security tools either lacking the ability to see inside the encrypted
sessions or end up with performance degradation of up to 80%
from processing SSL traffic.
Gaps in Tool Capabilities
Although inline devices such as application delivery controllers
and firewalls integrate SSL support, out-of-band monitoring
and security tools often do not have the ability to access
decrypted traffic.

1
Coles, Cameron. (2015, Jan. 12) CSA Survey: Security of Cloud Data Now a Board-Level Concern. Cloud Security Alliance Industry Blog. https://blog.cloudsecurityalliance.org/2015/01/12/csa-survey-securitycloud-data-now-board-level-concern/
2
Pirc, John W. (2013) Analyst Brief: SSL Performance Problems. NSS Labs. https://www.nsslabs.com/sites/default/files/public-report/files/SSL%20Performance%20Problems.pdf

2015 Gigamon. All rights reserved.

Whitepaper: SSL Decryption: Uncovering The New Infrastructure Blind Spot


But even inline technologies such as SSL proxies and application
load balancers that provide SSL decryption lack the scalability to
handle traffic from multiple TAPs across the network or to filter
and replicate decrypted traffic to multiple monitoring tools. With
limited extensibility, increasing SSL throughput often requires
hardware upgrades. In addition, these tools also lack visibility
functionality or traffic intelligence for non-encrypted traffic.
The situation will worsen as certificate authorities implement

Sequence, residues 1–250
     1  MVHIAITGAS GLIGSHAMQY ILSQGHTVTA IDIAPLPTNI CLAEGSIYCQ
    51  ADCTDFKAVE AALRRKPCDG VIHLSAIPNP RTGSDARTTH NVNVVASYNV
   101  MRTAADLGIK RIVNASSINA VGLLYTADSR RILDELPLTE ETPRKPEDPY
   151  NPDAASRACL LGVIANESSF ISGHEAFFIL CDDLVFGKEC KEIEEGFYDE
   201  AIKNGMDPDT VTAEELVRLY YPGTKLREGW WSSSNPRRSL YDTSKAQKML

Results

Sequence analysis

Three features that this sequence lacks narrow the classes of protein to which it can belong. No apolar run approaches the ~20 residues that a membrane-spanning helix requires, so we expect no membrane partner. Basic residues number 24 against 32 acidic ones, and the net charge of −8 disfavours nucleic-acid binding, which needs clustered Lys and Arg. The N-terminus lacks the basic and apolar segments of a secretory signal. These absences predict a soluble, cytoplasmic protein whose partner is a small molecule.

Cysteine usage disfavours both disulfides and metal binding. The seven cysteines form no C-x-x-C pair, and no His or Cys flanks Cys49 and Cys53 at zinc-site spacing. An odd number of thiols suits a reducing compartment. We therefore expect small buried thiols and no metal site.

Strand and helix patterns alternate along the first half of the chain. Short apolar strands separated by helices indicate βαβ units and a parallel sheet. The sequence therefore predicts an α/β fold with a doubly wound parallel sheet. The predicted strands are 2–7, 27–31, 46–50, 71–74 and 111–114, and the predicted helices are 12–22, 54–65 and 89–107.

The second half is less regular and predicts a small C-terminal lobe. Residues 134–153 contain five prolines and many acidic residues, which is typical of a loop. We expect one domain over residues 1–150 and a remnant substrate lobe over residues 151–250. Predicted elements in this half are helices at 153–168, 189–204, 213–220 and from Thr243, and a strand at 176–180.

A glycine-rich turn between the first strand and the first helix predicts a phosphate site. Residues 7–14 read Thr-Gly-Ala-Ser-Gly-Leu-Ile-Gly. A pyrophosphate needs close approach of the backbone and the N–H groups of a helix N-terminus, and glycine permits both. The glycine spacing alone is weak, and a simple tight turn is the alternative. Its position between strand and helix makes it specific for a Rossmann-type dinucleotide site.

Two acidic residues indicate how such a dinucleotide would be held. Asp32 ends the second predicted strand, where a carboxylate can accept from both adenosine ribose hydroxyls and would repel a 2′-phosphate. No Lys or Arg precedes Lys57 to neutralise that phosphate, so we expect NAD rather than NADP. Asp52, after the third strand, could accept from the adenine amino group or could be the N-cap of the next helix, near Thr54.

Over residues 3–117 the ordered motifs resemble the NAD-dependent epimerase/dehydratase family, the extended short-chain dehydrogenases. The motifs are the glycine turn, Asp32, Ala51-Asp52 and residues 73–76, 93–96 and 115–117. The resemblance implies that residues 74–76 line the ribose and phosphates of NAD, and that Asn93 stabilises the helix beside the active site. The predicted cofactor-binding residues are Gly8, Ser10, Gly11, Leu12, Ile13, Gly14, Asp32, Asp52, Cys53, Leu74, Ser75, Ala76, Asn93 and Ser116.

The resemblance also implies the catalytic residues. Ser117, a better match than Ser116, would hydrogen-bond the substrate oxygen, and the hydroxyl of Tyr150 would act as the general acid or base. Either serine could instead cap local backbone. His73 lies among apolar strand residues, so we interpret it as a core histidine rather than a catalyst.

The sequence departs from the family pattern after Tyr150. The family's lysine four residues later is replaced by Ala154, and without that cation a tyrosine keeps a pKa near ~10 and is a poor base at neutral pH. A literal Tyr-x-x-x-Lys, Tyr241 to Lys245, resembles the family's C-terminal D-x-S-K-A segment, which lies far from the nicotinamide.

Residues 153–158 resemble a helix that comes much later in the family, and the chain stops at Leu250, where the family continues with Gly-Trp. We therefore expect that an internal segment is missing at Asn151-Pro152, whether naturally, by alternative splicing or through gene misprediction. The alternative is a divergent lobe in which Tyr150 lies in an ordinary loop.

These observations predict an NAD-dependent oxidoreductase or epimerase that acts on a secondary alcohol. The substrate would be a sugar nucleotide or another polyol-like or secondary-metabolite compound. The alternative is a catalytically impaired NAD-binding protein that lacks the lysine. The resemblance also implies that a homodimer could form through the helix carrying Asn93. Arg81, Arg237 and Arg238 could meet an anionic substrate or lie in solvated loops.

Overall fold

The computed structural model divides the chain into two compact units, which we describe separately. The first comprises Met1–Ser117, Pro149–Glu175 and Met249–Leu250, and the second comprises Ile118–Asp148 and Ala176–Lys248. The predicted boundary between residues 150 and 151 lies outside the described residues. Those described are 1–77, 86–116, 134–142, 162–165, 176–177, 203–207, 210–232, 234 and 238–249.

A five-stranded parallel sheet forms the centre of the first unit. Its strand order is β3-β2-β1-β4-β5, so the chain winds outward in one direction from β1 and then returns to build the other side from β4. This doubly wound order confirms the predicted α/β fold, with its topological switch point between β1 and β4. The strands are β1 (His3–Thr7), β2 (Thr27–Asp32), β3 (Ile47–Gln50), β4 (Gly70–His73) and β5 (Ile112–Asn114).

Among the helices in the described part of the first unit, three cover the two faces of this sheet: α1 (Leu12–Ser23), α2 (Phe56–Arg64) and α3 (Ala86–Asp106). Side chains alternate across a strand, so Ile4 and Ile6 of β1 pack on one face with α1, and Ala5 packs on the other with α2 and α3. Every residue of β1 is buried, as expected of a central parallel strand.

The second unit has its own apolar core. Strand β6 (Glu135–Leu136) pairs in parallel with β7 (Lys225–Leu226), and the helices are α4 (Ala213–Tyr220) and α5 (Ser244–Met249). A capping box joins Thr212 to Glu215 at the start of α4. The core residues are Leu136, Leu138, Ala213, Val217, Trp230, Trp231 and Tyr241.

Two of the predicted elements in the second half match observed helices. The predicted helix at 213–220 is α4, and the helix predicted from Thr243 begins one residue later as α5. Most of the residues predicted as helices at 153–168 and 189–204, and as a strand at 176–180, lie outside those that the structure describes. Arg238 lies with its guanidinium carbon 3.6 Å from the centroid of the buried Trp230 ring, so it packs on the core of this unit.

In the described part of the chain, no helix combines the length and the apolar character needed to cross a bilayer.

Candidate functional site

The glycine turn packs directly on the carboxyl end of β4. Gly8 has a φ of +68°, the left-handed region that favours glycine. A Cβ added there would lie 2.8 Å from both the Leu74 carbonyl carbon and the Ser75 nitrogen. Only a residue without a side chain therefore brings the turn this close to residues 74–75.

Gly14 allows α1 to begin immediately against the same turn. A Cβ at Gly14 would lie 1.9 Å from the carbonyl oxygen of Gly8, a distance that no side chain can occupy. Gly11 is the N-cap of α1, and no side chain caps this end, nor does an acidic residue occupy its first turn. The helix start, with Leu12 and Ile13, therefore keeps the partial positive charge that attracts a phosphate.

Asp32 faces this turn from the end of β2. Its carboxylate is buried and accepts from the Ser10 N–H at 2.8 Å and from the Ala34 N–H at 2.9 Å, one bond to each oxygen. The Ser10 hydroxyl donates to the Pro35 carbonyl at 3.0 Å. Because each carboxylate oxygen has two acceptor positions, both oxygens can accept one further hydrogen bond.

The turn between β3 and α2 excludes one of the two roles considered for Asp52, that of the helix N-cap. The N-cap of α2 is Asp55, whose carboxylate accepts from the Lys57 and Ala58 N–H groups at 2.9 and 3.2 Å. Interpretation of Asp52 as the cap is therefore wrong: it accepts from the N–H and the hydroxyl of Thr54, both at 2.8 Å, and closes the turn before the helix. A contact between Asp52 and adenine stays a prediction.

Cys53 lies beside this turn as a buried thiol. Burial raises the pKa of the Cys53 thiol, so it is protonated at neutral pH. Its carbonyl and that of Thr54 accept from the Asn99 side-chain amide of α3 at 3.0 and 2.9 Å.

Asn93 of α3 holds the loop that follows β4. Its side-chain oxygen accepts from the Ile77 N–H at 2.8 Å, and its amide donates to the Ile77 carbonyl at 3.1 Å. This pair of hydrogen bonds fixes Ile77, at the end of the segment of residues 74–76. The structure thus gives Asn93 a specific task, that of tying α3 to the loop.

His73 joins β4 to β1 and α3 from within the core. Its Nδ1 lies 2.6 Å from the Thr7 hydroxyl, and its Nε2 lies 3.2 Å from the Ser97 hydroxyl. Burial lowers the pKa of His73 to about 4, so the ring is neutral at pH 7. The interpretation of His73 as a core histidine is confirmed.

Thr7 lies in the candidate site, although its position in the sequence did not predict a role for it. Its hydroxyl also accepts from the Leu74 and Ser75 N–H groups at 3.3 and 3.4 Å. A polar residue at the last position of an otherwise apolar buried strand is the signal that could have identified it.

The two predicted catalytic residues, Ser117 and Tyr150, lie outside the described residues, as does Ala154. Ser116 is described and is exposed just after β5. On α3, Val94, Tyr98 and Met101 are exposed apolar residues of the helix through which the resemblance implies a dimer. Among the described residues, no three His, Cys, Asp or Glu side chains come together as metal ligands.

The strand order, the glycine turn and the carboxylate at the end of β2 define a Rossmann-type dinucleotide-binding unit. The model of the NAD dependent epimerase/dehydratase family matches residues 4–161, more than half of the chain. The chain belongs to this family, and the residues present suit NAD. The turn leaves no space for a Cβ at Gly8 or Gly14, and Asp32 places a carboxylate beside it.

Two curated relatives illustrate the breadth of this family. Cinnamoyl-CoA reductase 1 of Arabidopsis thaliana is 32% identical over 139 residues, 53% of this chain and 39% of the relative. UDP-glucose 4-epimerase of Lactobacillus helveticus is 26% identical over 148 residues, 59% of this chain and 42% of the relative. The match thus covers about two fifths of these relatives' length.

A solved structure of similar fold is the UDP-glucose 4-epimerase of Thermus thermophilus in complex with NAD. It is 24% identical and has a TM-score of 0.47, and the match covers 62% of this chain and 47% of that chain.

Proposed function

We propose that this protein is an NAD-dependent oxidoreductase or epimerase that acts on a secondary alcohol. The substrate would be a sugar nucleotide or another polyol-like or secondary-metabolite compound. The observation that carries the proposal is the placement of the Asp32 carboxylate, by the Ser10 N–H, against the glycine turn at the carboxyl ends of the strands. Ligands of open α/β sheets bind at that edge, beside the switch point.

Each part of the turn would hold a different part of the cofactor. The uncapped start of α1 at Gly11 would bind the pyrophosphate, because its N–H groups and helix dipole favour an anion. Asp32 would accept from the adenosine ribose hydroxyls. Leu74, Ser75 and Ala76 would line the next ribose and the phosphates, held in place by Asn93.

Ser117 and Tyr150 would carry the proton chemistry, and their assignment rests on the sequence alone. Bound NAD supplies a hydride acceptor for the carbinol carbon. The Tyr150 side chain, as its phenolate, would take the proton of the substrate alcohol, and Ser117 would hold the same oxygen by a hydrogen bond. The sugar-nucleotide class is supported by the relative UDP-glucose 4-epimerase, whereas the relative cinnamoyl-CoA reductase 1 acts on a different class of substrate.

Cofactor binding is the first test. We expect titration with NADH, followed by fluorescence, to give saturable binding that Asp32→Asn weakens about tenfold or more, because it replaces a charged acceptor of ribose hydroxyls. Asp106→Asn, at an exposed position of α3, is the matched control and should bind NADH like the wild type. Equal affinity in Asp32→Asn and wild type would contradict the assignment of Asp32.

longer keys such as 256-bit SSL encryption based on a 2048-bit
key which will increase the compute load for SSL decryption.
Furthermore, not knowing which applications are running over the
network hampers the ability to monitor application performance
and network usage patterns.
When SSL traffic is allowed to flow uninspected, this creates a
potential security loophole. Hence, analysts at Gartner believe
that more than half of the network attacks targeting enterprises
will use encrypted traffic to bypass controls in 2017, up from less
than 5% today.3
Harm will come from hackers and nefarious actors hiding threats,
such as the Zeus botnet, in SSL sessions that have been largely
considered safe.
This makes uncovering attacks hiding in threat sources like
SSL sessions an essential component of enterprise security.
Organizations must develop visibility into these sessions so
network security and analytics tools can monitor encrypted traffic
and detect threats hidden within them.

Why SSL Decryption


Organizations should analyze their architecture and environment
to determine the security risks due to uninspected encrypted
network traffic. As more of enterprise network traffic is
encrypted, organizations have to identify and seal gaps in
defense-in-depth effectiveness.
Without a traffic decryption plan, organizations will not be
able to see and stop malware activity that comes through
encrypted connections.
To alleviate critical blind spots created by encrypted traffic flowing
through the IT infrastructure, organizations need innovative
visibility solutions with the capability to decrypt SSL sessions at